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A coronavirus testing site in Los Angeles County announced Wednesday that it has detected its first “flurona” case.

Cases of “Flurona,” a co-infection of the flu and the coronavirus, have been detected in several countries, including the U.S., Israel and Brazil, and have been happening long before the term became popular.

A New York hospital in early 2020 found one case involving a patient who tested positive for both COVID-19 and the flu, according to the Atlantic.

The recent case in L.A. County involved a teenager who had recently returned from Cabo San Lucas and tested positive for both viruses at a testing site at the Getty Center in Brentwood, Steve Farzam of 911 COVID Testing announced in a media briefing Wednesday.

The child had very mild, cold-like symptoms, Farzam said.

L.A. County Department of Public Health said it does not systematically track concurrent infections, and did not confirm the case or have information on how frequently “flurona” cases have occurred in L.A. County.

‘Flurona’ isn’t new

A county health department spokeswoman said that concurrent infections are common.

“Concurrent infection with more than one respiratory virus is exceedingly common and there is no reason to expect that SARS-CoV-2 should be an exception to this rule,” the health department spokeswoman said in a statement to KTLA. “We have seen SARS-CoV-2 and Influenza multiplex test results where both influenza and SARS-CoV-2 were positive.”

Dr. Thomas Yadegar of Providence Cedar-Sinai Tarzana Medical Center also said that an infection with two different viruses isn’t something new.

He said the medical center had a handful of “flurona cases” in March and April and they involved patients in the intensive care unit.

“We saw this early on in the pandemic, where patients were diagnosed with COVID had other respiratory viruses,” Yadegar said. “And in this case, it’s the resurgence of the influenza virus as well as a concurrent infection with COVID-19.”

But the resurgence coming amid a COVID-19 surge is concerning, the doctor said.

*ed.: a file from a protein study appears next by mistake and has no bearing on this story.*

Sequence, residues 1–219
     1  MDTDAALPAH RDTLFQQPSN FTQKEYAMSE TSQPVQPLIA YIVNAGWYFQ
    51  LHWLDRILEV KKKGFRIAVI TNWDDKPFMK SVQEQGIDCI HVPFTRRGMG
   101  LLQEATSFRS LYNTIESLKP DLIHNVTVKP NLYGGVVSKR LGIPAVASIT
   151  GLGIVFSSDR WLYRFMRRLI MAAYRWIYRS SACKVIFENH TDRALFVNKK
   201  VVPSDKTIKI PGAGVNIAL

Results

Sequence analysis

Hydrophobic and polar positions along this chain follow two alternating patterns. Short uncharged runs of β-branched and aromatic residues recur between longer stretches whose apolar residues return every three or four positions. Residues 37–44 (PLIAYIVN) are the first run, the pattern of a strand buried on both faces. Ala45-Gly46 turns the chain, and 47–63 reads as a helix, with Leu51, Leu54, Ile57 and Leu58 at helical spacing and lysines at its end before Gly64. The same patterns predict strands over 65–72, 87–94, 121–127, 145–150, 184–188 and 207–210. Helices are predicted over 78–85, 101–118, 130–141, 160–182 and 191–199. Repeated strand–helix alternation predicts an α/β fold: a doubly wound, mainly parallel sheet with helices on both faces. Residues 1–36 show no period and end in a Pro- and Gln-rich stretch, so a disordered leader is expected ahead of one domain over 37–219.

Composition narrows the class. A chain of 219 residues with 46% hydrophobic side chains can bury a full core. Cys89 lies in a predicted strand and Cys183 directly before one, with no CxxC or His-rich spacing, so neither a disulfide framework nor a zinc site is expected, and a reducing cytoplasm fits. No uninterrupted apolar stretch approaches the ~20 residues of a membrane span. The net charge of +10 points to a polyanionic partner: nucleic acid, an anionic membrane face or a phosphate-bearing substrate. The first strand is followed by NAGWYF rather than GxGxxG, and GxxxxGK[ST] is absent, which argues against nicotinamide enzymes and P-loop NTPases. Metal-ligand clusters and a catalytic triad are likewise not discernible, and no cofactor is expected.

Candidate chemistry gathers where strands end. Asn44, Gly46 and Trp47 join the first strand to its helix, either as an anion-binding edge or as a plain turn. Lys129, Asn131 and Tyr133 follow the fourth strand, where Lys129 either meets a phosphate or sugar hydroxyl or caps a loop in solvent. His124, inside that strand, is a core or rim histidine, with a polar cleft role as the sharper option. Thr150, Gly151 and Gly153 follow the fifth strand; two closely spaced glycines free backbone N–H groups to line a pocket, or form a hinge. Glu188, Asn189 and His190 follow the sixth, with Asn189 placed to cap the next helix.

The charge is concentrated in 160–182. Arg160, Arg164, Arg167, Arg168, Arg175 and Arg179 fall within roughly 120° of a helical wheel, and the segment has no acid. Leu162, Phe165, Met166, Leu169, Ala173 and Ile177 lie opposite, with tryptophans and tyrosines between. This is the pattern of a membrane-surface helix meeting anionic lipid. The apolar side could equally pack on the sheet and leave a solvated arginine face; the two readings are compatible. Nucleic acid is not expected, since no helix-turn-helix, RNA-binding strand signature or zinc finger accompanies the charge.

Concurrent infections can be concerning

Since 2020, health experts have been voicing concerns about how a “twindemic” may strain the health care system, and urging Americans to get their flu shots.

“COVID-19 is bad enough by itself and lethal,” Yadegar explained. “And every year we have hundreds of thousands of people who were hospitalized and tens of thousands who have died from influenza. So to have both of them at the same time, could be exponentially worse.”

Since there’s not enough data, it’s hard to tell if there have been more “flurona” cases recently.

One concern: L.A. County health officials said U.S. Centers for Disease Control and Prevention reports that influenza vaccination rates are lower this year than in previous years. 

The best way to prevent a concurrent infection is to get vaccinated with both Influenza and COVID-19 vaccines, which can be administered at the same time, L.A. County health officials said.

What are ‘flurona’ symptoms?

The flu and COVID-19 are both respiratory infections, so their symptoms can be similar and they can appear in varying degrees, ranging from no symptoms to severe symptoms, according to the CDC.

Common symptoms that COVID-19 and flu share include:

  • Fever or chills
  • Cough
  • Shortness of breath or difficulty breathing
  • Fatigue
  • Sore throat
  • Runny or stuffy nose
  • Muscle pain or body aches
  • Headache
  • Vomiting and diarrhea
  • Change in or loss of taste or smell, although this is more frequent with COVID-19.

The two viruses also spread similarly, through droplets and aerosols when an infected person coughs, sneezes, speaks, sings or breathes.

One difference is that if a person has COVID-19, it could take them longer to experience symptoms than if they had flu.

Someone with COVID-19 could also be contagious for a longer time than if they had the flu.

Since both infections can be fatal, experts say masking up is important, as is getting vaccinated.